Sunday, January 26, 2014

Building a January!

Growing up my mom and grandma both had house plants and gardens. My grandma's house was like a greenhouse on the inside, and outside she grew vegetables and flowers throughout her yard. Plants and gardens and visits to greenhouses are a vivid part of my childhood memories. I think a large part of my grandma's success as a gardener was manure and neglect. She let nature do it's thing and it turned out beautifully. While these memories are fond I also remember at a young age resolving to never have a house full of plants like my grandma did because it was messy and a little unkempt. Despite this resolve I did foster several African Violets and English Ivy for the majority of time I lived in an apartment on my own and then during the first five years of our marriage. After Owen was born all of our plants eventually died. I guess it wasn't in us to keep more than one thing alive at a time. Over the last 12 years in our house we have had a variety of outside gardens and plants and the majority of them have died with the exception of the hostas, which were here before we were and can survive just about anything, two bleeding hearts and a mish-mash of bearded iris. Plants and gardens seem to require attention that I am not capable of giving. Mainly remembering to water them or in some instances not water them so much. Gardening also requires being outside in the summer to do the weeding and the watering which always involves bugs and sweat, two more things I don't care for.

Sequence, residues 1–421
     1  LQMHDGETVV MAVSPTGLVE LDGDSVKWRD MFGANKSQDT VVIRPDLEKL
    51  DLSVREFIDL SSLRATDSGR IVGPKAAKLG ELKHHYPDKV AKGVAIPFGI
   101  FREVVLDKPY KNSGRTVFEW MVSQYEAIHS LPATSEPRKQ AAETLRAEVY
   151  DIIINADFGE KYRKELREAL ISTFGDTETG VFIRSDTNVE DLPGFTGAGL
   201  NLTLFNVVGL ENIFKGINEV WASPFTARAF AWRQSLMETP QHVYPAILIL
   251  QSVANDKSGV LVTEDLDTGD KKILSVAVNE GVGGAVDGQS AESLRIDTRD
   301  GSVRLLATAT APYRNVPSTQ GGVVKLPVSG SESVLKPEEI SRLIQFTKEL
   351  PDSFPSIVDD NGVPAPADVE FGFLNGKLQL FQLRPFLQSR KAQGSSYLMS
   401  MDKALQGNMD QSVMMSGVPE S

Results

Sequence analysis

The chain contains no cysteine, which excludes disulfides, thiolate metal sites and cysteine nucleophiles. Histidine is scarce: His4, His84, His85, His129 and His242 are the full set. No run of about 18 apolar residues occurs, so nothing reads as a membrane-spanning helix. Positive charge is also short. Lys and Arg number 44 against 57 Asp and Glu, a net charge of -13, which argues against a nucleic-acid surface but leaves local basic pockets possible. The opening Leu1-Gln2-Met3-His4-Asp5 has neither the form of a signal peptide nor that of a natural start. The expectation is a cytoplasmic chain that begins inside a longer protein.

So forgetting my history with the care and feeding of plants I decided it would be fun to jump on the terrarium trend. I have a vague recollection of my mom having one when I was very young and I've always loved the idea of them. Mainly because they are contained within something and not growing with wild abandon all over the place. They also, supposedly, require little attention. Another thing right up my alley.